Jul. 15th, 2014

decemberthirty: (tree swallow)
I have, at long last, finished Memoirs of Hadrian. I have spent three months with the book, but now that it is finished I hardly know what to say about it. I have never had a reading experience quite like this one, in the sense that it felt both transcendent and like a slog, often simultaneously.

Let me say first that the book is undoubtedly a work of genius. The phrase "literary ventriloquism" gets tossed around, but Marguerite Yourcenar has achieved something that goes beyond even that commendation. Memoirs of Hadrian is the perfect distillation of a human consciousness, a work of utter authorial effacement. Despite the incredible amount of scholarly work she did to produce this novel, Yourcenar renders herself invisible and presents to us Hadrian complete: full of his memories, shaped by his time and by his lifetime's worth of work and thought. Not only does she do this, but she does it in absolutely beautiful prose--her sentences are careful, measured, unadorned, but beautiful nonetheless.

So why did long stretches of the book fail to hold my interest? Why did I feel so little impulse to pick the book up again after I had put it down? I found that reading it required immense concentration; I could only handle five or ten pages at a time, and even then I had to continually pull my focus back to the words on the page in front of me. I developed a fondness for Hadrian as I spent more and more time with him, and there were times (though they were isolated incidents) when his thoughts or (even rarer) his feelings resonated deeply with me, yet this never translated in a desire to know what would happen next. I could admire the book intellectually and aesthetically, but could not feel deeply engaged with it.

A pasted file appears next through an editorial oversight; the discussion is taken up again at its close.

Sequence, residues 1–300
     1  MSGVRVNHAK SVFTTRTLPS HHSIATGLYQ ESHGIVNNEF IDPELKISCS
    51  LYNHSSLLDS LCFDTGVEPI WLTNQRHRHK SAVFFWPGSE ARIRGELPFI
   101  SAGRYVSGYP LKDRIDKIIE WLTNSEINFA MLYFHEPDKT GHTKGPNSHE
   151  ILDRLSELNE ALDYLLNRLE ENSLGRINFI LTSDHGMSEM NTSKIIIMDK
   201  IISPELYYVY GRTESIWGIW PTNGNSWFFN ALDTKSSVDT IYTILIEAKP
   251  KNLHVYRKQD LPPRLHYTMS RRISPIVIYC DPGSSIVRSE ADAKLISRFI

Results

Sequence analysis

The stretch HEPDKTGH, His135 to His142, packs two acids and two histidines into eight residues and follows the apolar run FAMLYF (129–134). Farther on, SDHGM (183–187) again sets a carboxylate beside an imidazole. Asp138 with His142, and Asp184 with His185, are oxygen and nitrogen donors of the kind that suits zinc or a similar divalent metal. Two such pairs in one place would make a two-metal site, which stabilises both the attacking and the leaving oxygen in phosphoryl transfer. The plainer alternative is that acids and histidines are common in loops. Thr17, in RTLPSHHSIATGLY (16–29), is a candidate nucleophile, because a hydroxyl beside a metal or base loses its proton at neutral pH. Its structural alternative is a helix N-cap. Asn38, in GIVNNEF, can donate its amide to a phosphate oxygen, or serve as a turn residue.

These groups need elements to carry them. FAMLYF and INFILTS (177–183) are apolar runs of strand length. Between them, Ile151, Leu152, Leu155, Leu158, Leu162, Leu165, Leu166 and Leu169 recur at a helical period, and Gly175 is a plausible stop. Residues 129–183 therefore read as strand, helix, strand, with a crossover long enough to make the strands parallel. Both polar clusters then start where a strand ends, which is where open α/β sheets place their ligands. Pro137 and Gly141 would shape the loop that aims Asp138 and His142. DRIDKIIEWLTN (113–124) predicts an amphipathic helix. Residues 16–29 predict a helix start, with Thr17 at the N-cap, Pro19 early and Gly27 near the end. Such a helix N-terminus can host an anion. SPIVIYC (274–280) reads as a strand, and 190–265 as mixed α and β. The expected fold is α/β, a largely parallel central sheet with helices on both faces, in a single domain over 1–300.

But it's another form of engagement, isn't it, to spend three months with a character? To sip continuously from a book over a long period, rather than drinking a few deep drafts? It is, of course, even if I can't describe exactly what the difference is. I only considered quitting the book when I was trying to read it in my usual mode. Once I had slowed down, and settled myself into the habit of reading just a few pages at a time I never questioned whether it would be worth it to finish the book.

And perhaps that is the result of my long wrestling with this work: something of value has been imparted, though I can't say now what it was. Perhaps the value, or part of it, is in the wrestling itself.

Reflections on the Composition )
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